Metoclopramide: The absorption of paracetamol is increased by metoclopramide. However, concurrent use need not be avoided.
Warfarin: The anticoagulant effect of warfarin and other coumarins may be enhanced by prolonged regular use of paracetamol with increased risk of bleeding; occasional doses have no significant effect.
Chloramphenicol: Increased plasma concentration of chloramphenicol.
There are limited post-marketing data on the use of domperidone in pregnant women. Therefore, domperidone should only be used during pregnancy when justified by the anticipated therapeutic benefit.
Epidemiological studies in human pregnancy have shown no ill effects due to paracetamol used in the recommended dosage, but patients should follow the advice of their doctor regarding its use.
Studies have shown that domperidone enters breast milk. It is not known whether this is harmful to the newborn. Therefore, breast feeding is not recommended for mothers who are taking domperidone.
Paracetamol is excreted in breast milk but not in a clinically significant amount. Available published data do not contraindicate breast feeding.
The safety of domperidone was evaluated in 1275 patients with dyspepsia, gastro-oesophageal reflux disorder, Irritable Bowel Syndrome, nausea and vomiting or other related conditions in 31 double-blind, placebo-controlled studies.
All patients were at least 15 years old and received at least one dose of domperidone base. The median total daily dose was 30 mg (range 10 - 80 mg), and median duration of exposure was 28 days (range 1 - 28 days).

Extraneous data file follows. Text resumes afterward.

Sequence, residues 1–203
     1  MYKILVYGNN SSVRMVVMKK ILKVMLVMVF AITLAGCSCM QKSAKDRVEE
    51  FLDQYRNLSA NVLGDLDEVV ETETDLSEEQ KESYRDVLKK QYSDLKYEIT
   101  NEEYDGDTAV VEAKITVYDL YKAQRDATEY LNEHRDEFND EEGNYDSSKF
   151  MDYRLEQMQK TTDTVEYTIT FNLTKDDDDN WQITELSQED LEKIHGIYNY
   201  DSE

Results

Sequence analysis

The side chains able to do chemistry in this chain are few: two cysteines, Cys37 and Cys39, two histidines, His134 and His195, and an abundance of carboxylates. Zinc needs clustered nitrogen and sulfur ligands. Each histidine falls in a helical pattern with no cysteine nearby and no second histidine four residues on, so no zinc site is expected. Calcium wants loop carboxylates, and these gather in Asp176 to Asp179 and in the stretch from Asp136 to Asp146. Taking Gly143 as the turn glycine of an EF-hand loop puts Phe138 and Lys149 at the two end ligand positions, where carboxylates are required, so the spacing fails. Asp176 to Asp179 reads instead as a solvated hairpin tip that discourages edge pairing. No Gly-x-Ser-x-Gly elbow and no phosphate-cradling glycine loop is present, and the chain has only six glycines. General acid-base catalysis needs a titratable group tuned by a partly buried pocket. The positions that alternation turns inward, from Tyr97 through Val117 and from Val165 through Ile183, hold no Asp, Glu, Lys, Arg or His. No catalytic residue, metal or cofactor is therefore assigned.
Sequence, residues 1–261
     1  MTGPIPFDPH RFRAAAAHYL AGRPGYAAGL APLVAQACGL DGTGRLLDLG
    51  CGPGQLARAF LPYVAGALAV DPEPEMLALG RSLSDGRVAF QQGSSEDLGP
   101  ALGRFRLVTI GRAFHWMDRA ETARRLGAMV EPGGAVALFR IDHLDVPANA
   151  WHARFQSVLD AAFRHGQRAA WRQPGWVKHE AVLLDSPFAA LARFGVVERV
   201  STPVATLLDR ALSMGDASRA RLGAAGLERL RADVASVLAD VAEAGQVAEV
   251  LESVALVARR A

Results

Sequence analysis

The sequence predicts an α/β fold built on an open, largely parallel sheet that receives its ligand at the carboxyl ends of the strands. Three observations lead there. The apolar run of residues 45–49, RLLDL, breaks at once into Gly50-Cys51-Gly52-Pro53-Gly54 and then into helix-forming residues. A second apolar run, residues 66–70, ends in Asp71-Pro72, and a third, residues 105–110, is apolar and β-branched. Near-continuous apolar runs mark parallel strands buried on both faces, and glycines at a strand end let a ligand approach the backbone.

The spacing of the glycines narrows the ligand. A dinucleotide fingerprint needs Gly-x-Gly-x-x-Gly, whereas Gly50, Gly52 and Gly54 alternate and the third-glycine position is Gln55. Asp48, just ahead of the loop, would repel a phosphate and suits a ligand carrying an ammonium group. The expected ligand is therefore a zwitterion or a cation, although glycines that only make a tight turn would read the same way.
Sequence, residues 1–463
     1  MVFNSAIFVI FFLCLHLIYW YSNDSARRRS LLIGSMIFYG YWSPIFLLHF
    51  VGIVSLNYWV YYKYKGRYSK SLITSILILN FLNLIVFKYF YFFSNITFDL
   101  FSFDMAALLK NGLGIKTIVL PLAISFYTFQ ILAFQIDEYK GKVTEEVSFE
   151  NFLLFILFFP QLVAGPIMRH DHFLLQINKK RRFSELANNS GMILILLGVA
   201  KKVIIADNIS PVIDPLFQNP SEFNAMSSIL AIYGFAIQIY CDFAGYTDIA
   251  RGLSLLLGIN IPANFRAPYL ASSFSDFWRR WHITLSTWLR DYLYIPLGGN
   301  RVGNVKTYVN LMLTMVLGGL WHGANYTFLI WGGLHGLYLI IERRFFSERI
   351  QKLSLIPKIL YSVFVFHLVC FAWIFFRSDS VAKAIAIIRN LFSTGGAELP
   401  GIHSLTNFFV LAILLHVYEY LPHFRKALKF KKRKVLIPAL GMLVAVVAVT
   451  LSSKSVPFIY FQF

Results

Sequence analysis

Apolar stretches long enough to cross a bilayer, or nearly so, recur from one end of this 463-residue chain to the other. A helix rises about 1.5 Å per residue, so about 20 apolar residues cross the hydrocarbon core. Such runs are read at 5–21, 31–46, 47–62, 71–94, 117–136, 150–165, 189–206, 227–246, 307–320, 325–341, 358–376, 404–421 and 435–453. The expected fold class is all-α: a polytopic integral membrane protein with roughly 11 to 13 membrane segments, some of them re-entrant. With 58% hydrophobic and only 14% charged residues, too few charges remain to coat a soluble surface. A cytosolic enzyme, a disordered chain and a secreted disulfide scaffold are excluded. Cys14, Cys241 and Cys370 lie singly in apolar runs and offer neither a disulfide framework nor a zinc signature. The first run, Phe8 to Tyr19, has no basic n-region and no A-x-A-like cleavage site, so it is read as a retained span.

Studies in diabetic gastroparesis or symptoms secondary to chemotherapy or parkinsonism were excluded.
The following terms and frequencies have been applied: very common (?1/10), common (?1/100 to <1/10), uncommon (?1/1000 to <1/100), rare (?1/10,000 to <1/1000), and very rare (<1/10,000).
Where frequency cannot be estimated from clinical trials data, it is recorded as “Not known”.
|System Organ Class||Adverse Drug Reaction Frequency|
|Psychiatric disorders||Loss of libido
|Nervous system disorders||Somnolence
|Gastrointestinal disorders||Dry mouth||Diarrhoea|
|Skin and subcutaneous tissue disorders||Rash
|Reproductive system and breast disorders||Galactorrhoea
|General disorders and administration site conditions||Asthenia|
In addition to the adverse effects reported during clinical studies and listed above, the following adverse drug reactions have been reported.
|Immune system disorders|
|Not known||Anaphylactic reaction (including anaphylactic shock)|
|Not known||Agitation, nervousness|
|Nervous system disorders|
|Not known||Convulsion, extrapyramidal disorder|
|Not known||Oculogyric crisis|
|Not known||Ventricular arrhythmias, sudden cardiac death, QTc prolongation|
|Skin and subcutaneous tissue disorders|
|Not known||Urticaria, angio-oedema|
|Renal and urinary disorders|
|Not known||Urinary retention|
|Reproductive system and breast disorders|
|Not known||Gynaecomastia, amenorrhoea|
|Not known||Liver function test abnormal, blood prolactin increased|
Extrapyramidal disorder occurs primarily in neonates and infants.
Other CNS-related effects of convulsion and agitation also are primarily reported in infants and children.